Achieving Excellence With a Growth Mindset in the Classroom (and Out)

growth mindset

There’s always more to learn. These five simple words carry an entire philosophy of thought within them.

When I was a young ‘bot, I went through a phase where I thought I knew it all. In my defense, I figured I’d been programmed to maximum capacity and was already as smart as they come.

Thankfully, it didn’t take long for me to realize that no one is ever done growing — not even a robot.

This is why we foster a growth mindset at Read Better Be Better, both in the classroom and with our team members and volunteers.

Carol Dweck, author of “Mindset: The New Psychology of Success,” explains the thought process behind a growth mindset:

“In a growth mindset, people believe that their most basic abilities can be developed through dedication and hard work — brains and talent are just the starting point. This view creates a love of learning and a resilience that is essential for great accomplishment.”

Be excellent, be kind, and never stop learning — that’s the core of any good human (or robot) if you ask me.

Our Job Is Never Done

A growth mindset is at the forefront of the Read Better Be Better curriculum. Even if a child’s comprehension levels are better than ever before, we believe they can build on them and rise even higher.

Maybe that means reading two books during curriculum rather than one, or working on using complete sentences on sticky notes rather than a few words.

Basically, we feel our job is never done. When students are excelling, we show them how to build on those strengths and how to use them in new ways to achieve more. Our students are encouraged during every RBBB session and shown that the sky is (not) the limit.

A strength-based curriculum is incredibly effective for RBBB participants, but it’s effectively used in our organization too — including in the way we manage our staff.

Better Than Yesterday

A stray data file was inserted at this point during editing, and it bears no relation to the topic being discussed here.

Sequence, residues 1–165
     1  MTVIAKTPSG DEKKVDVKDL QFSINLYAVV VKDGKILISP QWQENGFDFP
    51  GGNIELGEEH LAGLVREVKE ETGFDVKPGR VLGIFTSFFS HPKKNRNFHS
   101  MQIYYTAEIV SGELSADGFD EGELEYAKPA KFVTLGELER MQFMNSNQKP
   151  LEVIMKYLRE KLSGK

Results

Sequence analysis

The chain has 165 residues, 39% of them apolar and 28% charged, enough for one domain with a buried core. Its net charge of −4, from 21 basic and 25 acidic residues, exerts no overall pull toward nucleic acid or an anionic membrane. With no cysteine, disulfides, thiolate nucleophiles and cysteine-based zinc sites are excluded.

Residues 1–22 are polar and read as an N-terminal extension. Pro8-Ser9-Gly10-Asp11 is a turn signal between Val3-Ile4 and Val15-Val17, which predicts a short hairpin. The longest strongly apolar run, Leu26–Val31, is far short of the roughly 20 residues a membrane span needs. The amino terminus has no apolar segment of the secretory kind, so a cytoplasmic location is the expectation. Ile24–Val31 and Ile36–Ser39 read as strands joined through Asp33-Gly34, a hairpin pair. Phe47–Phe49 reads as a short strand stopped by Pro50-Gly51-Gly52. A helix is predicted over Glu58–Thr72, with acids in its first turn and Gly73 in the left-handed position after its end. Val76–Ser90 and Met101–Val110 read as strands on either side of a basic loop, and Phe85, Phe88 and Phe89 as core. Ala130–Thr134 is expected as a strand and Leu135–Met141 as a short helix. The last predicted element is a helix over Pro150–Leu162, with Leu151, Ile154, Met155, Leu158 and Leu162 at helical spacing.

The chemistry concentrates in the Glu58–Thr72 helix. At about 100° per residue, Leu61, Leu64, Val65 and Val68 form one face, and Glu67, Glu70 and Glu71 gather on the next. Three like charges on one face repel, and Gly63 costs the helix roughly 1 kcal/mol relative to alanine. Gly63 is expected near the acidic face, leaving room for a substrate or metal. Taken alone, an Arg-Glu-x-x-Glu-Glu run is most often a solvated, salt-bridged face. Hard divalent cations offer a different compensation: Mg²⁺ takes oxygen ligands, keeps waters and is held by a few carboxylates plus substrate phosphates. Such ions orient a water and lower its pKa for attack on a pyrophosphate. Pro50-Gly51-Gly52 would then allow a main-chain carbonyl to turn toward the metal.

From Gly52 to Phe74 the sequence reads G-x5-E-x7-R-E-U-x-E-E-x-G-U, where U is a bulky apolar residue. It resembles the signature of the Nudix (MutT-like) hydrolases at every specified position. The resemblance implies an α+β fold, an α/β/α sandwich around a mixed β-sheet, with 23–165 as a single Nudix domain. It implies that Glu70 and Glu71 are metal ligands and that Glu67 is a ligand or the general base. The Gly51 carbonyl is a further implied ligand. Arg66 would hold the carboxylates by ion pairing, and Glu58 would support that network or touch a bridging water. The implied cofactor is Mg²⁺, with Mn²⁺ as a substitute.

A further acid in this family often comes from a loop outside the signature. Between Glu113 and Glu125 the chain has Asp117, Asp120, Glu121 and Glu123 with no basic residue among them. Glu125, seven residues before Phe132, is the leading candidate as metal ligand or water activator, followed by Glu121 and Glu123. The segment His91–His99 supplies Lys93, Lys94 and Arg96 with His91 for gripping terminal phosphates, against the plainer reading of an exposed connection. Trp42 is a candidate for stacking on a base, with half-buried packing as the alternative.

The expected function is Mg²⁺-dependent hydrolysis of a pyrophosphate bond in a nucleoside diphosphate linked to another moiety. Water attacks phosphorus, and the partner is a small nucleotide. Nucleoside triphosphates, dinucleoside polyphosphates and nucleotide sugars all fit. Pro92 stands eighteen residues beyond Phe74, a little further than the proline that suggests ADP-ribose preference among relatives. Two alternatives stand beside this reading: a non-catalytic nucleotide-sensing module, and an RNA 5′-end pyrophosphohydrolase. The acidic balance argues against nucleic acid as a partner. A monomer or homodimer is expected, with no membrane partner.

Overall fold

We evaluate our site leaders, and all of our staff, based on a growth mindset — and that approach drives our decisions.

For example, if an RBBB classroom has an 82% average attendance rate, we look at how that outstanding rate was achieved — and how we can get it even higher next semester.

It’s about finding team member strengths, building on them, and always asking how we can be better than we were yesterday. (Yes, even if yesterday was incredibly awesome.)

It’s not tiring or discouraging to think this way — it’s empowering to resist the idea that we’ve done all we can do or achieved all we can achieve.

As our CEO and founder, Sophie Etchart, said, “No child deserves the acceptance of mediocrity as a goal, so Read Better Be Better will always remain committed to the highest standard of achievement for our staff and students. This approach is committed to organizational memory in our values: Be Excellent (Be the best that you can be) and Be Kind (Use your words and deeds to please). Our commitment to a growth mindset is even in our name! The “Be Better” in Read Better Be Better isn’t an outcome or a goal, it is a call to action.”

None of us were programmed to hit a certain level and be done. A growth-mindset approach with our students instills a lifelong love of learning, and enables our organization to grow without limits — and that’s exactly how you define success in my book.

Dr. Dave signing off!